Leading indicators — especially monetary, financial and credit-market signals — are flashing “go” for future growth. The Federal Reserve has pumped about $1 trillion into the economy since last August. Key money-supply measures are growing at 10 percent to 15 percent annually.

Short-term rates are near zero. The Treasury curve is steeply upward-sloping. Corporate-bond-market spreads have declined significantly. And commodity prices are off their lows. This is all good.

But for all the Fed’s stimulus, which has had a salutary effect on the banking crisis, the lags are long and variable. And as former Dallas Fed head Robert McTeer has written, much of the central bank’s balance-sheet expansion is being hoarded by commercial banks, with banks holding about $800 billion more than what they’re required to hold. Until these excess reserves come way down, the impact of the Fed’s monetary stimulus will be more muted than has traditionally been the case in Milton Freidman’s monetarist model.

And as Washington economist Bruce Bartlett has written, President Obama’s $800 billion fiscal-stimulus package has yet to stimulate. Bartlett notes that 60 percent of the stimulus package goes to transfer payments and tax credits with no incentive effects. Meanwhile, the rest of the package, aimed at public works that might produce growth, is spending out at a snail’s pace.

As an old-fashioned supply-side guy who is out of date with contemporary Washington policies, I would add that Obama’s biggest mistake was not cutting marginal tax rates for individuals, businesses and investors. Instead of the fiscal profligacy that is driving spending and borrowing sky-high, lower tax rates with true incentive-reward effects would have reignited the animal spirits that are sagging so badly.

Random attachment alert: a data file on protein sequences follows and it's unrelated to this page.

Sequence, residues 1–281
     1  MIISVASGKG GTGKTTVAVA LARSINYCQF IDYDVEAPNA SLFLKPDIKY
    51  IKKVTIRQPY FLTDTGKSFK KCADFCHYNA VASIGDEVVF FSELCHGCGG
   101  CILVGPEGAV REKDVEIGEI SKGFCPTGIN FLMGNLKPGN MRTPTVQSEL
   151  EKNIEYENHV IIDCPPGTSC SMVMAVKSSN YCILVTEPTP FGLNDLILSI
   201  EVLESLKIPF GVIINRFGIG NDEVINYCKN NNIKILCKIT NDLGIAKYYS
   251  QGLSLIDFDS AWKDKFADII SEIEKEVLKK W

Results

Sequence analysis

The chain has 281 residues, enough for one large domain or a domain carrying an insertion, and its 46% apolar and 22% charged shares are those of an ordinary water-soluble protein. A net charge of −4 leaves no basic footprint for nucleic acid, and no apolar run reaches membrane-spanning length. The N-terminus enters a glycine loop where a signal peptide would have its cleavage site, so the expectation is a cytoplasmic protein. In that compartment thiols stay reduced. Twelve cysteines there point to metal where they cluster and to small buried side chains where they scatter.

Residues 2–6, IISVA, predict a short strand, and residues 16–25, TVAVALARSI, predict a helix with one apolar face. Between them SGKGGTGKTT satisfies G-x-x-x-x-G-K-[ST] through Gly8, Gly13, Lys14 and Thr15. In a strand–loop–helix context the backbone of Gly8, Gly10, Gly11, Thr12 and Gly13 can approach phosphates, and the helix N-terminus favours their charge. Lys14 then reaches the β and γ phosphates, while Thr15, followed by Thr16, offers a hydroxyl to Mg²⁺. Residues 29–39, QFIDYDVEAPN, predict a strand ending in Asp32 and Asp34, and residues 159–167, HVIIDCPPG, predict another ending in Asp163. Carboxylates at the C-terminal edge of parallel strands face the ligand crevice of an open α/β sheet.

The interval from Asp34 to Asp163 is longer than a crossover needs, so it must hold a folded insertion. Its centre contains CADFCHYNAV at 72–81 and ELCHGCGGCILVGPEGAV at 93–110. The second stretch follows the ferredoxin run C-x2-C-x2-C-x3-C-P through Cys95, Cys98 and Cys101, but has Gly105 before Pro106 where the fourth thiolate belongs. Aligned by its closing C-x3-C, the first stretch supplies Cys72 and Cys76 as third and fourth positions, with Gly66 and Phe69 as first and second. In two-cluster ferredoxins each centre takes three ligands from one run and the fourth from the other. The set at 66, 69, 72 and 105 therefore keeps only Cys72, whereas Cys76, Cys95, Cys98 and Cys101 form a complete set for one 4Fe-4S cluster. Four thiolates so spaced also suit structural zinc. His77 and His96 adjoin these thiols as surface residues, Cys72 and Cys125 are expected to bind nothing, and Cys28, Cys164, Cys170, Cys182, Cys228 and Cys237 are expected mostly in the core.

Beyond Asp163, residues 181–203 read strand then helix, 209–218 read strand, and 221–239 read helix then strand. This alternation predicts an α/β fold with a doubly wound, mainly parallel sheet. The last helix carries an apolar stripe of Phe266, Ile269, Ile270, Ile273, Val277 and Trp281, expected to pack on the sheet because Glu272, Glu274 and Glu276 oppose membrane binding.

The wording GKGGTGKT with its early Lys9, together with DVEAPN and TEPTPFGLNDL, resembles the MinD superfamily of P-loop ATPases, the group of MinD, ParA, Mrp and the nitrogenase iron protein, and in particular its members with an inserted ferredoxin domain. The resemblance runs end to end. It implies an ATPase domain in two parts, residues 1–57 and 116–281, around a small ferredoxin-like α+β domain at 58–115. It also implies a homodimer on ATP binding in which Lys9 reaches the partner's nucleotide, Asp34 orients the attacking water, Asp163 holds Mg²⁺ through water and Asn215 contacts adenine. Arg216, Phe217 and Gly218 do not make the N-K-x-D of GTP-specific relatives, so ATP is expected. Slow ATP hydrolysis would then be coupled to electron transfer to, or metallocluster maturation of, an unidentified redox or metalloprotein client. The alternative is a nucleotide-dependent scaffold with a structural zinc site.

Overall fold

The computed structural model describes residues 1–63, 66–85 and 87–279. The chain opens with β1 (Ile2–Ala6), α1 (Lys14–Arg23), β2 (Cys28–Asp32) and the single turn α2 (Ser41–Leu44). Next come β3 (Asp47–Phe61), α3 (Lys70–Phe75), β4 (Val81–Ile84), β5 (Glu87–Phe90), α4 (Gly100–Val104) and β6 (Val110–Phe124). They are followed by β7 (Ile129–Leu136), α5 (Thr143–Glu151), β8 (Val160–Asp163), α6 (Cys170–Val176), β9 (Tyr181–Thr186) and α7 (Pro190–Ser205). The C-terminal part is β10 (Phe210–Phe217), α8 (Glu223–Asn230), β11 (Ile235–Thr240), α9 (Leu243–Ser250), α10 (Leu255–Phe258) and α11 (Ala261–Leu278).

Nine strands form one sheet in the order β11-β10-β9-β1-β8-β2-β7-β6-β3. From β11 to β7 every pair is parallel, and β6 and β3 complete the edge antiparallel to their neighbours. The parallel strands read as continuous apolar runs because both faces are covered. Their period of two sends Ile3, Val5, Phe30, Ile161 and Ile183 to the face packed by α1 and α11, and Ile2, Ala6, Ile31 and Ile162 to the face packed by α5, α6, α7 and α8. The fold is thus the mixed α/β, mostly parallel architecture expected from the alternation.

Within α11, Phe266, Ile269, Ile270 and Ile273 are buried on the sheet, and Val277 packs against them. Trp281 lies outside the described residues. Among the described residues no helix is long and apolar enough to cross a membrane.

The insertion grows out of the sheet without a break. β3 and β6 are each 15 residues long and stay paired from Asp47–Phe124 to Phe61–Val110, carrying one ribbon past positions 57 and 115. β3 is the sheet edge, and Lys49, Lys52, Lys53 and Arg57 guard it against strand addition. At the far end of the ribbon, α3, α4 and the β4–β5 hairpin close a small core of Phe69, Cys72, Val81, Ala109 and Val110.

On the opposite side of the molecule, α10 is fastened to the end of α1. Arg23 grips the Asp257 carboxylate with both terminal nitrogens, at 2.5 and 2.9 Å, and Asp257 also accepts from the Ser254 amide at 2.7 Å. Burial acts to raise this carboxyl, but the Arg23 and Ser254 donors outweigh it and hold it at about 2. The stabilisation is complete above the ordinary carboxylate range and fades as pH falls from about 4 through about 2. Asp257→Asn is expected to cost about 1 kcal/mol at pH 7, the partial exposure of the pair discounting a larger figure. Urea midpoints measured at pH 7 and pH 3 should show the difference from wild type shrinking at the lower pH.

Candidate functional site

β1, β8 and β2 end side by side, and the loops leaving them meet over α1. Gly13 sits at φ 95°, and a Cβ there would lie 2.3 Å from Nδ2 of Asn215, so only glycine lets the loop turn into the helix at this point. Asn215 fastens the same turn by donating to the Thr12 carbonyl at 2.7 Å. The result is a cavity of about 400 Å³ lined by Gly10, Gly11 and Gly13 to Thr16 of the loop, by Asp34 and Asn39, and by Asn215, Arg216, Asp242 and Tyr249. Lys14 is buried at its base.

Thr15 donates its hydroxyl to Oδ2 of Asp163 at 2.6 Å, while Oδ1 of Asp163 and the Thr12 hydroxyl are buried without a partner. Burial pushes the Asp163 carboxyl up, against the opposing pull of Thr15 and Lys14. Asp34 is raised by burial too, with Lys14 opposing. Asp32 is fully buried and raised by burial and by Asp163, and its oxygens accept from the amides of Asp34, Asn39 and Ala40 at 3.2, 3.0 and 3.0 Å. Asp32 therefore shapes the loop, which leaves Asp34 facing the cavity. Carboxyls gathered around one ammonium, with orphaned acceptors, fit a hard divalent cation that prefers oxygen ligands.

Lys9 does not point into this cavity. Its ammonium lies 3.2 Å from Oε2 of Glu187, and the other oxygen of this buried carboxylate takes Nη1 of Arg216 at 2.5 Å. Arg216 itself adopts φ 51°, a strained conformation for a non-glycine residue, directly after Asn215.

But Obama’s temporary tax credits and social spending offer no-growth effects. At the same time, the government’s fiscal nymphomania has scared everyone into thinking the United States is going bankrupt. The president himself has said there’s no money left. It’s scary enough to keep your savings under the mattress.

And if you add all the talk of nationalizing health care and energy (cap-and-trade) to the rest of Bailout Nation, it’s not hard to understand why people are shying from risk.

Stocks are the single-best barometer of our nation’s future economic health, and the stock market began to rise in early March. But in the past month, with all these new big-government tax-and-regulatory threats, the stock rally has stalled. And the June jobs report caused an immediate 2 percent sell-off for equities.